“Government will continue to equip and strengthen Polytechnics”
Dr Joseph S. Annan, a Deputy Minister of Education, on Wednesday reiterated the commitment of government to continue to equip and strengthen polytechnics to enable them offer technical and practical oriented programmes in order to meet the needs of industry.
He said in addition, support would be provided to supervisory bodies to build their capacity, adding that post graduate studies would be strengthened.
Dr Annan said this in an address read on his behalf at the opening of the second Annual International Applied Research Conference at the Koforidua Polytechnic under the theme “Applied Research: the Gateway for Enhancement of Polytechnic Education”
He said in addition to providing tertiary education in specific fields, polytechnics were required to provide opportunities for skills development, applied research and publication of research findings.
Dr Annan said the conference was therefore a bold and significant step taken by management to remain relevant as well as fulfil the mandate as contained in the law.
He said government was conscious of the fact that polytechnics were indispensable in the development of talent and skills required to power business and industry.
Dr Annan commended Dr George Afrane, Rector of the Polytechnic, and management for initiating the applied research programme and urged other institutions and organizations to emulate them.
Dr Afrane said last year the polytechnic spent GHC 47,000 to fund research by its staff and to organize the conference.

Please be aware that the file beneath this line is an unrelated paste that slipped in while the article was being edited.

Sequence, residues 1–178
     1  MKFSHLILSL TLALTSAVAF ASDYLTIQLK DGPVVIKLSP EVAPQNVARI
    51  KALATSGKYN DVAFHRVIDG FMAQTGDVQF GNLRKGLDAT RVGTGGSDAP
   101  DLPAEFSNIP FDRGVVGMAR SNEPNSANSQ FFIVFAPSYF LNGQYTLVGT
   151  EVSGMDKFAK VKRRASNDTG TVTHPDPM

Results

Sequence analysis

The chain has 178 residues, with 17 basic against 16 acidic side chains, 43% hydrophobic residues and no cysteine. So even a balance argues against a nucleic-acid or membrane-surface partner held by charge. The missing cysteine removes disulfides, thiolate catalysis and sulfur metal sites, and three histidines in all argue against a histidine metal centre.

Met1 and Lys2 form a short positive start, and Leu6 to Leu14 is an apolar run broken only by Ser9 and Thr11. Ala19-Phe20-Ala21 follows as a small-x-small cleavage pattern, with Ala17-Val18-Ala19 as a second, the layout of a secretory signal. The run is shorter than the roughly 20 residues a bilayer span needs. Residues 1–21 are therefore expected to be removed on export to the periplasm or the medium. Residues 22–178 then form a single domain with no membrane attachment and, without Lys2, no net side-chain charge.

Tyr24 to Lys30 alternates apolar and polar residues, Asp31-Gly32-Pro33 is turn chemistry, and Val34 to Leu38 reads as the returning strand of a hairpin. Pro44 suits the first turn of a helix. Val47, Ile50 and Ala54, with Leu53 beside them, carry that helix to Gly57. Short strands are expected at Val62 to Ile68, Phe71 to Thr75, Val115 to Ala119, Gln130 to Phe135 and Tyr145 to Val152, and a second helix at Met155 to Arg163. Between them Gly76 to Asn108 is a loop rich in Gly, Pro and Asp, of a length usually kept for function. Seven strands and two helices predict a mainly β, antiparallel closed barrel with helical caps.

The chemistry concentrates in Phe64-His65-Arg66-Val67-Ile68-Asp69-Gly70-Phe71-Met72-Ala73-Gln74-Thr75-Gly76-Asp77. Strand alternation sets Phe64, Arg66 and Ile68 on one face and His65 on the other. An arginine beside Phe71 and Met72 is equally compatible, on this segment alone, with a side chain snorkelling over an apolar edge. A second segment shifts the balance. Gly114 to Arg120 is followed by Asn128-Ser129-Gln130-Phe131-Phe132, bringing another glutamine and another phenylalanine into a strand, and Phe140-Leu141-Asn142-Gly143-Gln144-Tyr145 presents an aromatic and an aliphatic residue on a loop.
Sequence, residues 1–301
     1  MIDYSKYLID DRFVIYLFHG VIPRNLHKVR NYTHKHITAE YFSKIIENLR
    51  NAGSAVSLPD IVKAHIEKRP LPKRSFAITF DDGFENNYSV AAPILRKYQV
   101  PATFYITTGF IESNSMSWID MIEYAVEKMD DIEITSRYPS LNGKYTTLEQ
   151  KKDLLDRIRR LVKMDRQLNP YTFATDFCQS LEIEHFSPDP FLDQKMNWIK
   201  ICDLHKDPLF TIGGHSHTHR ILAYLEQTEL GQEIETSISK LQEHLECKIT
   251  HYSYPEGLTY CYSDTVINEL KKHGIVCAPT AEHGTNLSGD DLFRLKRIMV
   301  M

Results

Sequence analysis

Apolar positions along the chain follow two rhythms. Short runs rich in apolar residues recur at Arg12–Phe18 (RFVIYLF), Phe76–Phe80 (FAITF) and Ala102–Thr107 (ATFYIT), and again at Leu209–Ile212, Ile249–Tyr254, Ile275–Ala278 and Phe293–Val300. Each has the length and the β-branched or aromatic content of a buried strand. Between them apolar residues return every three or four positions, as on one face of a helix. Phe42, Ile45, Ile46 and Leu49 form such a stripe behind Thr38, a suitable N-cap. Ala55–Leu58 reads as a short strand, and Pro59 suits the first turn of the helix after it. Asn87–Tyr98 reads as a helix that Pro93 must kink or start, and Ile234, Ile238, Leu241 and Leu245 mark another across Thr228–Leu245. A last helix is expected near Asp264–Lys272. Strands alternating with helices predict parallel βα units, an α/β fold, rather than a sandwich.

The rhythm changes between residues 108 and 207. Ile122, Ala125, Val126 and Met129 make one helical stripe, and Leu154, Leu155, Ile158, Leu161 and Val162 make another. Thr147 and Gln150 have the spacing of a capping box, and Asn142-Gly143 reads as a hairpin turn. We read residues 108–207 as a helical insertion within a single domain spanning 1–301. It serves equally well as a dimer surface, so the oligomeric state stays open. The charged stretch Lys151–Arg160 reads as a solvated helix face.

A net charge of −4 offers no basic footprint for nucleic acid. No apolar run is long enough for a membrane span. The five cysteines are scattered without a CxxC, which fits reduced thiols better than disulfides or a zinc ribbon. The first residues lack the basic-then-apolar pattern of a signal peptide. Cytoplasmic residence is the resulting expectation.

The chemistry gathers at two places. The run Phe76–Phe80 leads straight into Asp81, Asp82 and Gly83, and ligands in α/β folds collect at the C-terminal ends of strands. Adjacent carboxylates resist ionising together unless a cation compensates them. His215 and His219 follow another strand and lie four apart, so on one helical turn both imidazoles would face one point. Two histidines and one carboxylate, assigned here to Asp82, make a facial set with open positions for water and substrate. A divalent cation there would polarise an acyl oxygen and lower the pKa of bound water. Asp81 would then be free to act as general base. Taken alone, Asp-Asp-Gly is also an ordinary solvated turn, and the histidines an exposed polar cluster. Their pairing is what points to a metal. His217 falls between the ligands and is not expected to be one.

He said this year GHC 75,000 had been spent for work to be presented by the polytechnic staff adding that they expected to spend over GHC 100,000 next year.
“We use up all our GETFund allocation for research and supplemented it with up to a maximum of five percent of our Internal Generated Fund to support research activities”.
Dr Afrane said apart from the fact that polytechnic staff needed publications for promotion; he was of the opinion that as a people 'we need to do research, to solve some of our basic problems”.
He expressed worry that over 100 years that cocoa was brought into the country, Ghana is still processing the crop the same way it started.
“We can harness the abundant energy of the sun to increase the rate of drying of the beans, without adversely affecting its good qualities”.
“By so doing millions of dollars would be saved by reducing the amount of unwholesome beans discarded as a result of just spreading it out in the sun,” he said.